Arise New Zealand’s sons and leave unturned the sod to serve the flaming guns for Zealandia and God.
She’s a symbol of patriotism but only two statues to Zealandia were ever erected - both in Otago, and both are Boer War memorials. (Image courtesy of Kennedy Warne)
Our patriotic versifiers of the late 19th and early 20th century ranged far and wide to find subjects to extoll. The Westland poet George Baddley picked on premier Richard John Seddon’s attendance at Queen Victoria’s Jubilee in 1897, a trip which also took Seddon to Rome, giving birth to Baddley’s immortal lines -
He knelt before the throne
and saw the Pope of Rome.’
A 1915 recruitment appeal. The Western Front was thirsty for soldiers. (Courtesy Te Ara)
The great and the good were, of course, a natural target for patriotic pens. The departure of the popular Governor General Lord Jellicoe brought about paeans of patriotic praise and the coronation of Edward the 7th caused Chatham Islands poet Robert Stone Florence to exclaim -
‘This is a time of joy
Ill feelings we’ll destroy.’
'All Hail! Zealandia' pre-dated 'God Defend New Zealand. A patriotic postcard circa World War 1 (Courtesy Te Ara)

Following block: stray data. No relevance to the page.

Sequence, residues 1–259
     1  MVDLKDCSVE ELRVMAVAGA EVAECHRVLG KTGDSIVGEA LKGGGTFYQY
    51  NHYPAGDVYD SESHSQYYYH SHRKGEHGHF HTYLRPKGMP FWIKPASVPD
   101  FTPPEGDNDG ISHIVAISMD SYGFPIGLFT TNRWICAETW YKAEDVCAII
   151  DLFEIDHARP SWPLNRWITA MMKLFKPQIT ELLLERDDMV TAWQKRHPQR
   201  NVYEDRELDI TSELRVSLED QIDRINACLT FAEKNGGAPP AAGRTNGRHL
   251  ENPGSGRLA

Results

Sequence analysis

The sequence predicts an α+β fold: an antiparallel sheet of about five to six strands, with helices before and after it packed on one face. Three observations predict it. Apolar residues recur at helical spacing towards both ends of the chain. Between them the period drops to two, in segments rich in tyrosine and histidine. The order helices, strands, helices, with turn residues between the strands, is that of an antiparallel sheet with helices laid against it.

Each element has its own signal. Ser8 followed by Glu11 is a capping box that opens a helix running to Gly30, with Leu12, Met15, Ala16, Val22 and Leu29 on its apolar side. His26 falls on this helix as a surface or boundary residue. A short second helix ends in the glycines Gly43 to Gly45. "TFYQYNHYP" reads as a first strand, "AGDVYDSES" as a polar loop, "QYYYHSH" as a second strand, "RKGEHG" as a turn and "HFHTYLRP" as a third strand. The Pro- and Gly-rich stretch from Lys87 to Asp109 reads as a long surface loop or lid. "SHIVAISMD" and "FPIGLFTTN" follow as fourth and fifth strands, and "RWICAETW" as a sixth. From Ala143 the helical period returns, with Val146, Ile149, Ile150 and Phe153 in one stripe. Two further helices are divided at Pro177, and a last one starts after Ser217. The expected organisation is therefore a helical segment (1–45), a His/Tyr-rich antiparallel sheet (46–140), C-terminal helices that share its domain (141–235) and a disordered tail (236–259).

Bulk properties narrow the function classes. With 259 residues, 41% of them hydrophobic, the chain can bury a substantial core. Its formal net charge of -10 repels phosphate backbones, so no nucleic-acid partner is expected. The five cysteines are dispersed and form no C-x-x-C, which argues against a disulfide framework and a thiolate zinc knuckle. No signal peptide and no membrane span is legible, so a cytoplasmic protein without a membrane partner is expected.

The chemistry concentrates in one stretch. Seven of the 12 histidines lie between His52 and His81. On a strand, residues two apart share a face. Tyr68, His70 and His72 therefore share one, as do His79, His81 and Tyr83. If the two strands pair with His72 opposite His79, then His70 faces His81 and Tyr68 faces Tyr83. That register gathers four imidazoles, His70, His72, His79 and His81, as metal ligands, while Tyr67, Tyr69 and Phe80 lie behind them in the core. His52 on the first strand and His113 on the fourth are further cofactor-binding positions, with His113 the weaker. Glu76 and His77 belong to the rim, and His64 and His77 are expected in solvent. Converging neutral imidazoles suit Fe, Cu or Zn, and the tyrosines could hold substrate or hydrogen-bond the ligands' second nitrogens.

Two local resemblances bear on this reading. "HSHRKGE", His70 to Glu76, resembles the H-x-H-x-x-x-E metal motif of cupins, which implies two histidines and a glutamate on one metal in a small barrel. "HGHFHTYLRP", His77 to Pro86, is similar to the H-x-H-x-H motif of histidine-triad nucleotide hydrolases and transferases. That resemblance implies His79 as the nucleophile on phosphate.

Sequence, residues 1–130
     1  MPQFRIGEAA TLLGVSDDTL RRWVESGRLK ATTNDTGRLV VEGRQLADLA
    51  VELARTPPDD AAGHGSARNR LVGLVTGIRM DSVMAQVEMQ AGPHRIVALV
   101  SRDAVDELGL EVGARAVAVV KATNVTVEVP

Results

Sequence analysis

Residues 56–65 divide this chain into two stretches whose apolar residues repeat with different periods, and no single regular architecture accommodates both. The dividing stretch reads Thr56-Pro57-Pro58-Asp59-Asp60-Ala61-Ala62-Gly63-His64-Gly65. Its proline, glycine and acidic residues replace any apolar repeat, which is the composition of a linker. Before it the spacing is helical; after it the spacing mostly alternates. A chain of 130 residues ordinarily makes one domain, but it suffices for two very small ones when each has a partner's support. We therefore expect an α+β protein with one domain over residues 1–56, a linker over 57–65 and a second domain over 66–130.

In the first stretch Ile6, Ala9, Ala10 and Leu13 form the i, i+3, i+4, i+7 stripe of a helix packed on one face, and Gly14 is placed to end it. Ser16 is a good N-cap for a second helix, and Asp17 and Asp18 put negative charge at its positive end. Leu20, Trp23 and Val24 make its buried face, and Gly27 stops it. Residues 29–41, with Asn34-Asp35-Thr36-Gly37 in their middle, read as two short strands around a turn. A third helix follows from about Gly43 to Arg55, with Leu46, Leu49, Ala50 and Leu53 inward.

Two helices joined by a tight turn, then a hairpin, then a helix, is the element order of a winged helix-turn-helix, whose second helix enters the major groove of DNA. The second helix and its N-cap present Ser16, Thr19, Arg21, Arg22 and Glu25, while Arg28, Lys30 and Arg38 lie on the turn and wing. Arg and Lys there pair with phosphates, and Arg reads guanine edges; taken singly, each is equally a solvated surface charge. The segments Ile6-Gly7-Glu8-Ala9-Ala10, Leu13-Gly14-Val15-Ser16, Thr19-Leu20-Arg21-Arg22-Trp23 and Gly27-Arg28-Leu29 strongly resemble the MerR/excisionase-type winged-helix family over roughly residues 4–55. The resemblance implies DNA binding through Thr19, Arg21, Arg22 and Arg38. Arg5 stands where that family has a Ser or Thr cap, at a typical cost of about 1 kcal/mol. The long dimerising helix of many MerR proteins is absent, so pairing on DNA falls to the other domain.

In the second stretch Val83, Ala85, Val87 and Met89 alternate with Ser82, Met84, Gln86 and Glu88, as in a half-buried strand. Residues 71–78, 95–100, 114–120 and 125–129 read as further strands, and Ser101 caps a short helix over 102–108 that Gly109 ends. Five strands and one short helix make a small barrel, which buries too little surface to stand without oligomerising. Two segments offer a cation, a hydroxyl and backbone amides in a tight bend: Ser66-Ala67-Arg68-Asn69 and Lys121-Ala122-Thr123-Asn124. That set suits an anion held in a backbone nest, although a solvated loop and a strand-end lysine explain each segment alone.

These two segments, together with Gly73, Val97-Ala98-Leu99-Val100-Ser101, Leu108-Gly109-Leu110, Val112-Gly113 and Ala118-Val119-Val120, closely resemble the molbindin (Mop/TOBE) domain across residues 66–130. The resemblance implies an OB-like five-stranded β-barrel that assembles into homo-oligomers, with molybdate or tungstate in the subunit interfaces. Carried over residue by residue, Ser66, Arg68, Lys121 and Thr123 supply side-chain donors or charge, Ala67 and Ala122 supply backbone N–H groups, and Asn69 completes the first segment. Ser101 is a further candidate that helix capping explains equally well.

William Golder was still on his way to New Zealand when he wrote a poem in praise of Wakefield’s New Settler Scheme of the 1840s, which, sadly, did not live up to the poems rather extravagant expectations. Patriotic poetry is long out of fashion, verses in praise of today's All Blacks, for example, are few on the ground but a different literary climate existed when Francis Cloke was stirred by the feats of the 1924 touring All Blacks -'
Swift as the deer upon the field, giants in their attacks
No wonder all have had to yield to our matchless All Blacks.'
Alwyn Owen explores the lighter side of New Zealand’s poetry of patriotism. 'For Zealandia and God' is narrated by Bill Toft (first broadcast in January 1973).